Mayor cites health problems, asks to delay trial

Published 11:10 pm Tuesday, December 30, 2008

Jackson Mayor Frank Melton asked a federal judge Monday to delay his upcoming trial on felony civil rights charges because of concerns about his health.

U.S. District Judge Daniel P. Jordan III heard several hours of testimony from Melton’s doctors during a closed hearing and said he would rule Tuesday on the motion to continue the Jan. 5 trial.

Melton and his former police bodyguard face maximum 25-year sentences if convicted on three counts related to the sledgehammer destruction of a suspected crack house. Melton has said they did nothing wrong.

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The 59-year-old mayor has had heart problems in the past, but his attorney would not discuss Melton’s current ailments after the hearing.

Wearing a dark suit and red tie, Melton talked with reporters during a brief court recess and at times appeared short of breath. He also appeared thinner than in the past, the collar of his shirt hanging loose around his neck.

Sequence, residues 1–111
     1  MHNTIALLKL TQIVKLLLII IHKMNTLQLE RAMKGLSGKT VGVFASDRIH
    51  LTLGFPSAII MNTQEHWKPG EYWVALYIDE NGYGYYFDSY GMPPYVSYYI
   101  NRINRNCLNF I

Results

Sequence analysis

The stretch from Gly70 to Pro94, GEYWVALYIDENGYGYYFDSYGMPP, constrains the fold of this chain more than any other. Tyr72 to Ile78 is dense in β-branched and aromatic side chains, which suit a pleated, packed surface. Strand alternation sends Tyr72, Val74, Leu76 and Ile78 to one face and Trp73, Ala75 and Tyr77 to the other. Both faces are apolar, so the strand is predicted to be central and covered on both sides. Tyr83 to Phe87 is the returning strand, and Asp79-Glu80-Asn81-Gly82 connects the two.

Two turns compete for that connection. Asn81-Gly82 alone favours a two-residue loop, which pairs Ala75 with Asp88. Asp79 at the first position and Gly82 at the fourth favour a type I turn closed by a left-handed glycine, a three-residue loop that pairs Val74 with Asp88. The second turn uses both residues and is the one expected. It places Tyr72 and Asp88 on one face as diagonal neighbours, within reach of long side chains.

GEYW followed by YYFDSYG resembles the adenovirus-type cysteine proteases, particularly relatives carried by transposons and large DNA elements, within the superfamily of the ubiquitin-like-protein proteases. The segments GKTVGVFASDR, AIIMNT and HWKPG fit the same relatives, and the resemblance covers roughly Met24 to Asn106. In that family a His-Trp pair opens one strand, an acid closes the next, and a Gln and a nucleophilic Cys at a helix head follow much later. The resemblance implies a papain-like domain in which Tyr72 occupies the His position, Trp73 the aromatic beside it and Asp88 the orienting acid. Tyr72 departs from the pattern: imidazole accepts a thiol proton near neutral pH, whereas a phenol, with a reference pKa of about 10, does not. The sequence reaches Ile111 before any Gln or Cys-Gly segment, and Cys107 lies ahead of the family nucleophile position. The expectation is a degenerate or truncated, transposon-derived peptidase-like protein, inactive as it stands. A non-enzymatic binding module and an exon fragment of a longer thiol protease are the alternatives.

A lifelong swimmer, Melton said he often swam a mile a day, but became exhausted after a short dip last week and couldn’t get out of the pool on his own.

“Talk about being depressed,” Melton said.

The first-term mayor was hospitalized in November for an undisclosed surgery. A city councilman has said Melton was having problems with his defibrillator. Melton had bypass surgery in 2007 for congestive heart failure.

Melton’s lawyer, John Reeves, said the mayor was hesitant to ask for a delay in the trial “but is accepting his attorney’s judgment in the case.”

Prosecutors declined to comment. A gag order prohibits those involved from discussing the case in detail.

Melton’s health apparently has not forced him to give up his mayoral duties.

“He’s still the mayor,” Reeves said.

Melton is accused of leading a group of young men in August 2006 to destroy the duplex with sticks and sledgehammers. Melton has said the home was a blight on the community, a haven for prostitution and drug use.

He was cleared last year of state felony charges related to the incident.